Opiod Actions on the Bulbar Respiratory Network: Consequences for Breathing (pp. 67-88)
Authors: (Peter M. Lalley, Department of Neuroscience, The University of Wisconsin School of Medicine and Public Health, Madison, Wisconsin, USA)
Abstract: Opiates are among the most effective drugs against pain, smooth muscle spasticity, persistent coughing, and are widely used as adjuncts to general anesthesia during surgical procedures. However, respiratory depression and postoperative opioid disturbances of ventilation are major, potentially lethal side effects that complicate the therapeutic effectiveness of opioid drugs.
This review of opioid actions on the bulbar respiratory network is directed at current perspectives related to where and how opioid drugs of therapeutic importance depress respiration in the CNS and cause disturbances of ventilation.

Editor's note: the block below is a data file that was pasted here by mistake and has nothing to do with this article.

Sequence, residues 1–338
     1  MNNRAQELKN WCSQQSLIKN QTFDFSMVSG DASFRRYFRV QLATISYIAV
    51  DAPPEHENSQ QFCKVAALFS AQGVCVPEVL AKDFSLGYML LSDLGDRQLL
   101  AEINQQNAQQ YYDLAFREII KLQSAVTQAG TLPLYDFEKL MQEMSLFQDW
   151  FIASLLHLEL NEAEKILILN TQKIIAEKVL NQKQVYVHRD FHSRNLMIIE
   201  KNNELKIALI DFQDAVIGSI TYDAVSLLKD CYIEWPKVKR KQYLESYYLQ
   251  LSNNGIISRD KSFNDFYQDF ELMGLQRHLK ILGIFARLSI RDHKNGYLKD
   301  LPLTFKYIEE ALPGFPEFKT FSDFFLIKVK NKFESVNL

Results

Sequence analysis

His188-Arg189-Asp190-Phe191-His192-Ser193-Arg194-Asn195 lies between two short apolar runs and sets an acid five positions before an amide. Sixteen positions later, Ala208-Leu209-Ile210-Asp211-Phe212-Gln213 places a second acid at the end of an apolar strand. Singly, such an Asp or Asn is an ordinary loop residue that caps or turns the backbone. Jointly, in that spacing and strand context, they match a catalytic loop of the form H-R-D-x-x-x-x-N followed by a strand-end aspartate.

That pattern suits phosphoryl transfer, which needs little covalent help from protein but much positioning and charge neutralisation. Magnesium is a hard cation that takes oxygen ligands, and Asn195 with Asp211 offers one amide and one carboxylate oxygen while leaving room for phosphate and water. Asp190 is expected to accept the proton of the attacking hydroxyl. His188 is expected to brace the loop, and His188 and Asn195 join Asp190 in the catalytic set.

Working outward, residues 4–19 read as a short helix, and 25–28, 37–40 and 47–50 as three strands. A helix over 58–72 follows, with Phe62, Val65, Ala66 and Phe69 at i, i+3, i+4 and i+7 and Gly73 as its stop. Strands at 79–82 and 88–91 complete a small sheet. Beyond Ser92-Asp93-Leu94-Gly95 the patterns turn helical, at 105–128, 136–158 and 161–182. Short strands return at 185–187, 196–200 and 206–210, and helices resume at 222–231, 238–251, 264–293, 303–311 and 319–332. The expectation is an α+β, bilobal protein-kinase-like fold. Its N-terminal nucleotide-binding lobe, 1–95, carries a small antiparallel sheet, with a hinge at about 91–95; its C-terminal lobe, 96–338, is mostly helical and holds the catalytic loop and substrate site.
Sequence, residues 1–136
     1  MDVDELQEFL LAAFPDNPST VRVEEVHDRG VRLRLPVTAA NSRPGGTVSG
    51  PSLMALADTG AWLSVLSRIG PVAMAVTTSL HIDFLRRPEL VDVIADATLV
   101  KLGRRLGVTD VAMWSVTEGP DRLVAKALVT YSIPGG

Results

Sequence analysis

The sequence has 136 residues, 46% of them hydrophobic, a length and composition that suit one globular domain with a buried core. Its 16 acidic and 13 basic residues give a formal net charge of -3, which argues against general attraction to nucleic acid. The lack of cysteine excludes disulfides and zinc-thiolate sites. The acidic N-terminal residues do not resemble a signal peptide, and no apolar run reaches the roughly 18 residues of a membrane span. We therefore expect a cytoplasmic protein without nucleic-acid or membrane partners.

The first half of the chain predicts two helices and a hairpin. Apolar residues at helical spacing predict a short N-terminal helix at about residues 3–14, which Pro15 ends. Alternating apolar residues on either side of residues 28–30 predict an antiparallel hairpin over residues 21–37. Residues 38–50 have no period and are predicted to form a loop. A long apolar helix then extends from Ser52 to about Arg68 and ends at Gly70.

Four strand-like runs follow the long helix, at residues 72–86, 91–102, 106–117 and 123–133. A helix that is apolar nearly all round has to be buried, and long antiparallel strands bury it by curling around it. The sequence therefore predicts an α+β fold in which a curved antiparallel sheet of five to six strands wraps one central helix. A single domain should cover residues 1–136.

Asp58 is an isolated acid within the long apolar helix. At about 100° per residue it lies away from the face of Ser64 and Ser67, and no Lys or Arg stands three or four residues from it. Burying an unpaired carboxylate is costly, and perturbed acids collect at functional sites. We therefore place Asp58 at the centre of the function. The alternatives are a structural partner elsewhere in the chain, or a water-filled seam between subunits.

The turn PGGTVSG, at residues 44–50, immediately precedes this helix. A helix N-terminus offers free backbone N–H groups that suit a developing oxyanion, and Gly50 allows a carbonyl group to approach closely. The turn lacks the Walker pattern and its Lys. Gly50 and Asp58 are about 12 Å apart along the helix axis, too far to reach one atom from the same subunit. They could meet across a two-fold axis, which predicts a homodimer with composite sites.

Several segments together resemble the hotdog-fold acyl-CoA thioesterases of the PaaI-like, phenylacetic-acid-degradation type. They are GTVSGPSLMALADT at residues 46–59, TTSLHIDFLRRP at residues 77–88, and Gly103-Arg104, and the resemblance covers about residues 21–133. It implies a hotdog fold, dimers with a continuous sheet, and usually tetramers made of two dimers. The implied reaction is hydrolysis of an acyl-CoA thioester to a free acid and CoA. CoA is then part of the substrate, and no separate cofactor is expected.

Animal studies that describe the distribution of opioid receptors in the brainstem respiratory network will be discussed in connection with the effects of exogenous opioids on respiratory neurons and ventilation.
The animal studies will be compared with opioid effects on breathing and ventilation in human subjects. Several pharmacological strategies have been tested in humans and nonhuman mammals to reverse opioid depression of breathing.
There is a particular need to develop effective drug countermeasures against respiratory depression without compromising therapeutic effectiveness in patients that need chronic opioid therapy. Some treatments that have been tested and their effectiveness are discussed in this review.